MarginaliaFalse merite.Holy mother of God make thy petition: that we may deserue Christes promißion. &c.

And in the Antheme after Benedictus, thus it foloweth.

We besech thee of thy pitie to haue vs in remembraunce, and to make meanes for vs vnto Christ, that we beyng supported by thy helpe, may deserue to attayne the kingdome of heauē.

Furthermore in the Collect after it foloweth.

And graunt that through the gracious interceßion of the virgine thy mother, MarginaliaWrong mediation. we may be deliuered from this present heuynes, and haue the fruition of eternall gladnes.

It foloweth moreouer in the sayd Primer thus, concernyng the materiall Crosse.

O God which haste ascended thy most holy Crosse and hast giuen lyght to the darkenes of the world, vouchsafe by the vertue of thy MarginaliaIdolatrie to the materiall crosse.Crosse, to illumine, visite, and comfort both our hartes and bodyes. &c.

Moreouer, in the name of S. Iohn Baptist thus it prayeth.

O Lord defend vs alway through the continuall succours of S. Iohn Baptist. MarginaliaLet no man glory in any man, for all thynges are yours. &c. 1. Cor. 3.For the more frayle we be, the more nede we haue to be relieued with necessary praiers. &c.

In which wordes note (good Reader) not onely the absurditie of doctrine, but also the stoliditie of the reason. For where their doctrine pretendeth that S. Iohn Baptist should pray for vs, here we pray to God for S. Iohn Baptist, that he wyll heare hys prayer praying for vs. It followeth furthermore in the name of Peter and Paule. MarginaliaWhat is Paul, what is Apollo, but the seruauntes of hym on whō you beleue? 1. Cor. 3.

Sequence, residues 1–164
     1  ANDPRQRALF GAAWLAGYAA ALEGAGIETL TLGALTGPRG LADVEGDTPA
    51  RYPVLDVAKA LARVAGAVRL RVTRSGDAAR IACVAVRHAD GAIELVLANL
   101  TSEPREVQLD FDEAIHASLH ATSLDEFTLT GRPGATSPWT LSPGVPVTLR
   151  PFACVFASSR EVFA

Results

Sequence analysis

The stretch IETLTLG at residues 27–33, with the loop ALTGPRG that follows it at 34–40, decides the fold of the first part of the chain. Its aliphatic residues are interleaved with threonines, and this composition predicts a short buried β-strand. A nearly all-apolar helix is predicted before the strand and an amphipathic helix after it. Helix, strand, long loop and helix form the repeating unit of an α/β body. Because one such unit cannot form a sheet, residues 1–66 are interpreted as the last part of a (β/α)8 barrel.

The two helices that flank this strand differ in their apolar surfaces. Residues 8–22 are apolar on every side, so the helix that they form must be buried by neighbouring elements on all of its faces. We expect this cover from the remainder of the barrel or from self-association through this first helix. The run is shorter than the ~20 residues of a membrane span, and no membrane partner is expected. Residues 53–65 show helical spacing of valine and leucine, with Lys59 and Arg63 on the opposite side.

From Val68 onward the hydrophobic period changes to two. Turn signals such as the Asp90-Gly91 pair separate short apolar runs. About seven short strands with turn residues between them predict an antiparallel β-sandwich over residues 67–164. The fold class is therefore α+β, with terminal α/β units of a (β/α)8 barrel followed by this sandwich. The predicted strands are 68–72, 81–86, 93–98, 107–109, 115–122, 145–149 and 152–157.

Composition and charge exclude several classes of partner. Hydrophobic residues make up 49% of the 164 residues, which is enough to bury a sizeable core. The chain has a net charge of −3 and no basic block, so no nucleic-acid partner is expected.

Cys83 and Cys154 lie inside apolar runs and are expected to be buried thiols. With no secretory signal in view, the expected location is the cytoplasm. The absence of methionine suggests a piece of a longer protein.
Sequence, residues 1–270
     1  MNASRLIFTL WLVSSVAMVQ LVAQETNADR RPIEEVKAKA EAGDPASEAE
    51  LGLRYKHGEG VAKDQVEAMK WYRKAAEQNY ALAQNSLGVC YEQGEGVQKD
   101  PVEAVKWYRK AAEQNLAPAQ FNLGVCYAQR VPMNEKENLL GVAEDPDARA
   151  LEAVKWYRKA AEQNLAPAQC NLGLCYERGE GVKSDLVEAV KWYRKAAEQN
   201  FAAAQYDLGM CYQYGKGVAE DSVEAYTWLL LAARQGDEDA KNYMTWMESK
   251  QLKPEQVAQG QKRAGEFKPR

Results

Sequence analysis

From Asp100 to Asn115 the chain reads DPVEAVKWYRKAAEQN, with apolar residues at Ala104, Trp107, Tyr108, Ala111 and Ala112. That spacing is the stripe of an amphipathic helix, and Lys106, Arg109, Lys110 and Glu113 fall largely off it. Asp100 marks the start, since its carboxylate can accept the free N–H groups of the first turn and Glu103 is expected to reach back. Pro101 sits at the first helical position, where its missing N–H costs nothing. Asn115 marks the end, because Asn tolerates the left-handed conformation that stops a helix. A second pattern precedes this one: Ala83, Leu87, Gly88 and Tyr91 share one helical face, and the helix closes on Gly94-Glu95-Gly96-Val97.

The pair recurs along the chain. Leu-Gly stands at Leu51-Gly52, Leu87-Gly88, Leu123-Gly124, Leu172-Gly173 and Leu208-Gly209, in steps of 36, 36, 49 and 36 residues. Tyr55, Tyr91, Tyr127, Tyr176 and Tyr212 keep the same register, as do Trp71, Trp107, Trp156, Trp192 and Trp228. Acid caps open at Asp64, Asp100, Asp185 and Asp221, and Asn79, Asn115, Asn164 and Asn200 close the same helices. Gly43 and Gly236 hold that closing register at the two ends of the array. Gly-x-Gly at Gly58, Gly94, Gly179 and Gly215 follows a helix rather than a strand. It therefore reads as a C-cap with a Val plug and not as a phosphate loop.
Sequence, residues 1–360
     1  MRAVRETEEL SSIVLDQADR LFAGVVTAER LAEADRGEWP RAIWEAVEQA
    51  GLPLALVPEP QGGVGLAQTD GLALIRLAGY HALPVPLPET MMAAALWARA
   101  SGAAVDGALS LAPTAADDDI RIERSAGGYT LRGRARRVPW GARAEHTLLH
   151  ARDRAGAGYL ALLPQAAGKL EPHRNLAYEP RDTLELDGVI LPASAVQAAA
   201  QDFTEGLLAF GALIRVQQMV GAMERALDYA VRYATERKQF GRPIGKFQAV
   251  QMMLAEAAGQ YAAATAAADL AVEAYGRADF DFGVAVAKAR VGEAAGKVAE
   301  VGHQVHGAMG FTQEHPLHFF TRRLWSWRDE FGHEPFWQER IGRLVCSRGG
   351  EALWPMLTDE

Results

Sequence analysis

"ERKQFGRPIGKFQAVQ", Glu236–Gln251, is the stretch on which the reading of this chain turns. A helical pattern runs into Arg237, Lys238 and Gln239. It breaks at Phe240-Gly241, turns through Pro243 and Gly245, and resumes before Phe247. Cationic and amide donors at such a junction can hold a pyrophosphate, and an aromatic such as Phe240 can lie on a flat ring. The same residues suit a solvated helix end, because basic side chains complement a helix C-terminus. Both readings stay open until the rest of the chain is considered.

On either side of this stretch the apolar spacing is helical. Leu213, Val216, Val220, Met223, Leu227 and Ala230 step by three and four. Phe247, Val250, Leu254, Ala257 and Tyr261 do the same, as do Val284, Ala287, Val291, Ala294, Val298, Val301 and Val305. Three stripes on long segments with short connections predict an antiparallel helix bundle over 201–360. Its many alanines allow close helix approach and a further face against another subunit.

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Heare vs mercyfully, and graunt that through the merites of them both we may obtayne the glory euerlasting. &c

And of S. Andrew.

So let hym (O Lord) be a continuall peticioner for vs to thee. &c.

Of S. Laurence thus.

S. Laurence the Deacon did worke a good worke. For by the vertue 

Commentary  *  Close

For a detailed comparison of these passages see Freeman [2004]. But this example is too egregious a misquotation to pass over in silence. The passage reads 'by the signe of the holy Crosse' not 'by the virtue of the holy cross' (cf. The primer in Latin and English (after the use of Sarum)[London, 1555], STC 16064, sig. F1v). In other words, the primer was not mentioning the physical cross at all, rendering Foxe's objection that the True Cross had not been found in St Laurence's time meaningless.

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of the holy crosse he gaue sight to the blind. &c.

And how can thys be true, when the holy crosse was not yet found in the tyme of S. Laurence. For Helene 

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This is St Helena, the mother of Constantine; she was traditionally credited with discovering the True Cross.

which first found the crosse (as they say) came after S. Laurence more then fourty yeares.

To Tho. Becket Archbishop of Canterbury.

MarginaliaHorrible blasphemy and derogation to Christes bloud.By the bloud of Thomas, which he for thee did spend,
Make vs Christ to clime whether Thomas did ascend.

Of S. Nicholas.

O God which hast glorified blessed Nicholas thy holy bishop with innumerable miracles, graunt we beseche thee, that by his MarginaliaFalse merites.merites and prayers we may bee deliuered from the fier of hell.

Of Mary Magdalen.

Graunt wee besech thee, through thy mercy, to let her purchase for vs the blisse euerlasting. &c.

An
CCCC.ij.